Facing mysogyny

Anthony Saville continues his consideration of where we went wrong


Any movement is going to attract fellow travellers, some of whom will be unwelcome. It was surely inevitable that a movement that grew up from the crisis involving women’s ordination would attract, or at the very least be caught up with, those who are implicitly or explicitly misogynist.

True, New Directions began with a woman editor, Forward in Faith had a woman vice-chairman, and so on, but we should – it is now clear with hindsight – have taken a more explicit stand against misogyny.

‘Misogyny is a sin.’ Do you remember the rather thin response to Consecrated Women? I can no longer remember its title, but it was a collection of affirmations and feel-good essays by worthy bishops and women clergy, published at the same time and for the same price as FiF’s more serious work. It closed with the briefest of pieces from the Oxford Regius Professor of Divinity, Marilyn McCord Adams. Two thousand years of Christian ecclesiology were dismissed with the simple statement ‘Misogyny is a sin.’


Her argument may have been woefully lacking in depth, but her single assertion was and is entirely correct. Misogyny is a sin. Like all forms of prejudice, it may come with a host of psychological and sociological explanations, and with a wealth of history and cultural connotations and mitigations. For all that, it is wrong.

When women clergy complain of ill-treatment at the hands of their male colleagues, they should in general be believed (even if, as ‘The way we live now’ has shown, the spitting incident is a most curious urban myth, which casts doubts on other claims).

Women clerics have often been poorly treated by male colleagues who, as colleagues, will overwhelmingly be in the liberal camp. Traditionalists are not, in other words, the most obvious culprits. Where we went wrong was in never, formally and explicitly, distancing ourselves from misogynists. Would we have been believed by our opponents if we had done so? By those unconcerned with evidence and out to condemn us come what may, no. For all that, public markers, mission statements and PC grandstanding are part of the cultural context in which we live: failing to state the obvious is generally a mistake.

With this in mind I was involved in the spring of 2009, in one of the diocesan branches of FiF, in proposing this motion to be put before the National Assembly. It was just such a public marker, with all the banal pomposity such statements carry, but useful nevertheless, or so we believed. A member of FiF Council, however, was clever enough to prevent the motion being put, and it came to nothing. A mistake, I would contend.

Reasoning The proposed Code of Practice allows a parish to refuse the ministry of a woman bishop (duly ordained in the Church of England) on the grounds of gender, and not of Order. This rejects everything we believe in, and all that we have worked for in Forward in Faith: the issue for us is about Order and not gender. The Code, whether deliberately or not, tarnishes us with the sin of misogyny.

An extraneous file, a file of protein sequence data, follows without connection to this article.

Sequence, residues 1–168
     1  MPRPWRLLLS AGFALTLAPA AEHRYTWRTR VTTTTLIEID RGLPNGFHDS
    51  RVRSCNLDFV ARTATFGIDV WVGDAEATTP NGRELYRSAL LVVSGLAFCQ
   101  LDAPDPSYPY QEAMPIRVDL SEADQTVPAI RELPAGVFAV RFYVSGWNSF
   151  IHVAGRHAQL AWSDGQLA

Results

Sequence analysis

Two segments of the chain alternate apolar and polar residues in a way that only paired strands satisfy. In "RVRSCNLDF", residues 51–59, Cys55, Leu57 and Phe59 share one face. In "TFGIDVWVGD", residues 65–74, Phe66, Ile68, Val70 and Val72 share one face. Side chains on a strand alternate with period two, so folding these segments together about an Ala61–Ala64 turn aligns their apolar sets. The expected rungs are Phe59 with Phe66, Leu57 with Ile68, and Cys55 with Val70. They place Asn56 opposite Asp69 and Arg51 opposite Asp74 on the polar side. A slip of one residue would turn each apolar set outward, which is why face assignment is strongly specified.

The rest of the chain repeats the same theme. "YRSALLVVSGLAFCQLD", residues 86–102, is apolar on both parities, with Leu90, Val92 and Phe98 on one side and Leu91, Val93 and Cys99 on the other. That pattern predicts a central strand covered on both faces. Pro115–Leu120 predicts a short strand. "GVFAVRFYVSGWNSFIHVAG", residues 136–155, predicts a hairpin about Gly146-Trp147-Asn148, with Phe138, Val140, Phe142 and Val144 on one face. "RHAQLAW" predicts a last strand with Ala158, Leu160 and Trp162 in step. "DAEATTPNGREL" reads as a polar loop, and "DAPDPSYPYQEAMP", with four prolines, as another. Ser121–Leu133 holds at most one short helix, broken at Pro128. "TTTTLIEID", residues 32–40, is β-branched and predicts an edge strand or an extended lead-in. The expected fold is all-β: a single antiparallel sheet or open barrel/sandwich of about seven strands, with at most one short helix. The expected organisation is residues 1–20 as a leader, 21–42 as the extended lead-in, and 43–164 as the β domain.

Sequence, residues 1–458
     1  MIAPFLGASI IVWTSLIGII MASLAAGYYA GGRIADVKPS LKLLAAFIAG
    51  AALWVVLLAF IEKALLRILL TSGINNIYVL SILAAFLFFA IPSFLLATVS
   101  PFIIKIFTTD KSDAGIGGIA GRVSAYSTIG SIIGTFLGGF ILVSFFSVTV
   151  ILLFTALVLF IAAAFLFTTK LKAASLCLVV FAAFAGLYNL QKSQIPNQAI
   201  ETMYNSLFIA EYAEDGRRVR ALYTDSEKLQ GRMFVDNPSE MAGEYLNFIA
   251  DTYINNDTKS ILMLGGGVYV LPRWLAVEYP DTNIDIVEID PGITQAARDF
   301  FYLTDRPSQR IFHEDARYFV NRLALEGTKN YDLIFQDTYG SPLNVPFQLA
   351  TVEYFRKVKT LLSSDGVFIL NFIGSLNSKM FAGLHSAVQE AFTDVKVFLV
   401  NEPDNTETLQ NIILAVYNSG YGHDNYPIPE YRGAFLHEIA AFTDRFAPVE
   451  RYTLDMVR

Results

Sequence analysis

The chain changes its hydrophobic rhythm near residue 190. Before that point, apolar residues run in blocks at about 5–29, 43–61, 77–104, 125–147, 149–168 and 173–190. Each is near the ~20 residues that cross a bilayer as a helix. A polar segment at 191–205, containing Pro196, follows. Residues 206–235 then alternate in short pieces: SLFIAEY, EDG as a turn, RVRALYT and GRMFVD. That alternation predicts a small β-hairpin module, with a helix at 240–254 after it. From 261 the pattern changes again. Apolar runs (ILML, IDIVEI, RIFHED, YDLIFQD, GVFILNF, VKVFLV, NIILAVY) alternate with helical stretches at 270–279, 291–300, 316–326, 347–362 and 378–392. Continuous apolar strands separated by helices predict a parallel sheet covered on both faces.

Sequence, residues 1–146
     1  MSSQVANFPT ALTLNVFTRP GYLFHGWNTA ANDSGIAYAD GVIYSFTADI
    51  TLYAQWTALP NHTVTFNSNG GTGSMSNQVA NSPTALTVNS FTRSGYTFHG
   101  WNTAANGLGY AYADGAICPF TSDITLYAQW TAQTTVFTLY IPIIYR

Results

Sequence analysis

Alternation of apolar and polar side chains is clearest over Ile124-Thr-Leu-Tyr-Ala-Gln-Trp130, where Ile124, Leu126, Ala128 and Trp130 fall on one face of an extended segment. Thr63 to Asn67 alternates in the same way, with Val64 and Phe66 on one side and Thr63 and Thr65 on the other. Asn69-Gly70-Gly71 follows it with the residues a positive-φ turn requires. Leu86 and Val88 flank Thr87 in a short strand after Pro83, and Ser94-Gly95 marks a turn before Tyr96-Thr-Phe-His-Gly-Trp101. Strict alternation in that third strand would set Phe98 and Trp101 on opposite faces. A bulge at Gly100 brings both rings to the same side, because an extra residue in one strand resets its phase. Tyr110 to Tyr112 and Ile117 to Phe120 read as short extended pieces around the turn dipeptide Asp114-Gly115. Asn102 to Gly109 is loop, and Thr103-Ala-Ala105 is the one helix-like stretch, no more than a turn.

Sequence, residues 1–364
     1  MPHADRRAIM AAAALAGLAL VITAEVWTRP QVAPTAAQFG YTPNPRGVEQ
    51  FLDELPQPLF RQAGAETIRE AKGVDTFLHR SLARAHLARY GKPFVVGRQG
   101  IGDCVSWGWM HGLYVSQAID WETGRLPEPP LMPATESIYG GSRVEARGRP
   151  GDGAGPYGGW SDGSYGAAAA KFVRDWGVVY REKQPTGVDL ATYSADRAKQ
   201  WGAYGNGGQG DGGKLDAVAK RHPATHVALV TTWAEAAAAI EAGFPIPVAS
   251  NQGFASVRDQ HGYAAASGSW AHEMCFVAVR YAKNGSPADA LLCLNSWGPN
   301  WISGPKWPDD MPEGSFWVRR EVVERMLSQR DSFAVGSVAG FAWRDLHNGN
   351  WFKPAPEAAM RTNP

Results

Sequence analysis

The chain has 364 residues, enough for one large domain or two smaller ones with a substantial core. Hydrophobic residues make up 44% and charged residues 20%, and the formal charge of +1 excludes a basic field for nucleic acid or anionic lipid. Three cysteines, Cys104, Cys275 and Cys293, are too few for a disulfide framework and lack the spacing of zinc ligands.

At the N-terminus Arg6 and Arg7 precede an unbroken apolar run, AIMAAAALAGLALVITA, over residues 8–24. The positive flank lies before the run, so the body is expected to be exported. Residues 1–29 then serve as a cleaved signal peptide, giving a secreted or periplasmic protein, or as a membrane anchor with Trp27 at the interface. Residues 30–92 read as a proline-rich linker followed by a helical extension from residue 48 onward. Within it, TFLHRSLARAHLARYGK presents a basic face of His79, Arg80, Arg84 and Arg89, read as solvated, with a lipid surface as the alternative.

Clear and unequivocal

Motion That, in view of the implicit acceptance of misogyny in the General Synod’s proposed Code of Practice, this Assembly not only continues to reject it as wholly inadequate to our needs, but calls upon the Council to develop a policy statement that unequivocally rejects all forms of misogyny; in more specific terms, that it continues its complete rejection of any theology of ‘taint’, and continues to affirm that there are no theological reasons why the duly consecrated elements at the Mass cannot be received from the hands of a woman minister, lay or ordained.

Disagree with the wording if you like, but at least it was a clear and unequivocal statement. The more general statement that, for example, Forward in Faith cannot be misogynist because the majority of its members are women, will always (it seems to me) sound a little weak by comparison. As I recall, none of our institutions ever issued a statement formally distinguishing between the rejection of women priests and any rejection of women in the sanctuary per se.

The fact that we know what we mean does not prove that other people will do so. Any presenting issue, such as women priests and bishops, will be disparaged by the other side as a mere ‘single issue’. But worse, it will be simplified into an even clearer single prejudice, in this case misogyny. We have lived with this calumny for twenty years or more, but it would still have been helpful had we taken it more seriously.

We all know that the Code of Practice will be inadequate to our needs and is therefore unacceptable. But it would also have been good to state clearly that it is unacceptable for its institutionalizing of misogyny. Misogyny is a sin, and to convict the liberals of that sin matters. It would have helped our cause if we had been in a position to state that, even if a Code was what we needed, we should still have rejected it because of its implicit misogyny. It is a wickedness and a stain upon the Church, and we should have said so. ND

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